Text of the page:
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Greek PM: It’s Everybody’s Duty to Preserve Democracy

An important message and measures against violence were announced by Greek Prime Minister George Papandreou on Wednesday. Speaking at the Ministers’ Council, Papandreou urged all political forces and all citizens to guard the democratic normality and the unimpeded functioning of the Republic. “It’s not just the crisis that generates the phenomena of violence against politicians  or even  ordinary citizens. They are encouraged and motivated by extreme political groups, by those seeking political role and are supported by media. We must all take responsibility.”

The Prime Minister pointed out that the phenomena of violence, whether organized or spontaneous, are not accepted by the state and noted that historically, whenever the was an anti-parliament movement it led to  undemocratic aberration.

Mr. Papandreou stressed that “the effort of ideological terrorism has no place anywhere, neither in universities or at the squares.”

Papandreou announced the establishment of cross-party committee to discuss policies and measures to safeguard the institutions, to  co-ordinate the operation of state, to prevent the violence and target the strengthening of democratic institutions. 

“The state can not accept either organized or spontaneous violence. These phenomena maim democracy and create conditions for more violence and injustice against the citizens, “noted the Prime Minister and wondered whether to accept the force of violence. “This is not Democracy, this is barbarism.” 

Greece’s Prime Minister stressed also that “the basic task of all is to guard the democratic normality, the unimpeded functioning of democracy, reason, dialogue and freedom of society.” At this point Papandreou quoted Voltaire and said ” “I may disagree with what you say, but I will  defend until death your right to express your views freely.”  Papandreou said also other important things about democracy, you can read the rest of his speech in .

Translating and editing Papandreou’s  speech against violence and the necessity to defend the Democracy (incl his historical examples) I must ask: Is our precious Greek Democracy in danger? By whom? By the violent extremists? Why arent’ they arrested then? I assume this can be quickly done long before any cross-part committee can be set. Or not?

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  1. Perphaps Papandreou should have this conversation with the police. Naturally, he wants to blame “extreme political groups, by those seeking political role and are supported by media.” That way he can hang onto power as the only reasonable alternative. Who has committed more violence this past month than the police (protecting the passage of his midterm plan)?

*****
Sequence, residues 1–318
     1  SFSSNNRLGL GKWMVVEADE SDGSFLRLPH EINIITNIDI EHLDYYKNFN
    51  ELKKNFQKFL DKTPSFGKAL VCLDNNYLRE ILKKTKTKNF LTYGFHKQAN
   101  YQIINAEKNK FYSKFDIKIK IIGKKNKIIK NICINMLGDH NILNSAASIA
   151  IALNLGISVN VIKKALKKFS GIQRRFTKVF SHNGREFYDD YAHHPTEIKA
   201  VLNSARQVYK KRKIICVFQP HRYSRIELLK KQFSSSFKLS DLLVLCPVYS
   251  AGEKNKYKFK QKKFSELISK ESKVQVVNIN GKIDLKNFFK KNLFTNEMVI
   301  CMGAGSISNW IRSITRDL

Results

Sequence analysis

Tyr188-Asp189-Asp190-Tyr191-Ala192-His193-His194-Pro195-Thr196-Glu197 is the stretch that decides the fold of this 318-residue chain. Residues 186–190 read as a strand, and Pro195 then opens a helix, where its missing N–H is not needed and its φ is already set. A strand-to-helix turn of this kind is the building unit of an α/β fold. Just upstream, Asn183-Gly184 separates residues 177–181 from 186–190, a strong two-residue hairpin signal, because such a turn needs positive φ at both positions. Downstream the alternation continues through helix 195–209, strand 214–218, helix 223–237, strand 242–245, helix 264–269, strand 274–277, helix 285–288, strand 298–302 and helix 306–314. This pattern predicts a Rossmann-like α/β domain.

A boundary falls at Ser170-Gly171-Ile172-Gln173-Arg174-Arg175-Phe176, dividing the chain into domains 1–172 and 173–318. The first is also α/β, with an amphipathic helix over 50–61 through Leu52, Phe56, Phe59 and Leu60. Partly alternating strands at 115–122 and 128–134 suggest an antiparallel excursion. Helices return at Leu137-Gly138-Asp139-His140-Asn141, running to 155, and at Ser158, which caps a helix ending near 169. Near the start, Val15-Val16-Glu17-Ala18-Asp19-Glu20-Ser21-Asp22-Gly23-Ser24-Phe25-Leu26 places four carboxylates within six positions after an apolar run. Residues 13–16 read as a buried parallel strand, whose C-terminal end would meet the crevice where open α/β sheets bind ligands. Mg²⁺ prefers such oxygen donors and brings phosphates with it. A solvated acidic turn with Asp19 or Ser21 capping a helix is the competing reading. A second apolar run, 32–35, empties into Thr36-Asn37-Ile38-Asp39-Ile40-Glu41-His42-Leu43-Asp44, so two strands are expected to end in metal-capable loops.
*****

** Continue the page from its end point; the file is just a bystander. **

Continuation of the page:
2. This is a joke, isn’t it?

  3. No no, arrests are not in the interest of… yes of whom? Good question. But great GREAT initiative to set up a cross-part committee to… talk? To walk away from? To do what? Play more political games? “You don’t participate so you are…?”

    WE are The State. He, you, me… all together. When a Prime Minister starts talking about what “The State” can or can not tolerate, he is guilty of depersonalization of Greece or he is talking in the third person singular about himself, but either way we are in deeper sh** than I thought…

  4. Several questions

    1. Does ‘everybody’s duty’ include the PM’s? This government was not elected on a mandate of austerity measures and continues to ignore the wishes of its own electorate? Preserved what democracy?

    2. Is parliament merely rubber-stamping decisions decided elsewhere? Does it have any power or authority left to make decisions? What democracy is he preserving?

    3. What is democratic normality? Is he implying we should guard against democratic extremism? Too much democracy is dangerous?

    4. “The state can not accept either organized or spontaneous violence”. So why does he ignore the statements made by Amnesty International about policing?

    5. What the hell is ideological terrorism? Am I an ideological terrorist for disagreeing? Is it a thought that terrorises a dogma? Next step,thought police?

    He quoted Voltaire: “I may disagree with what you say, but I will defend until death your right to express your views freely.” Disagree with me but stop defending and gassing me to death.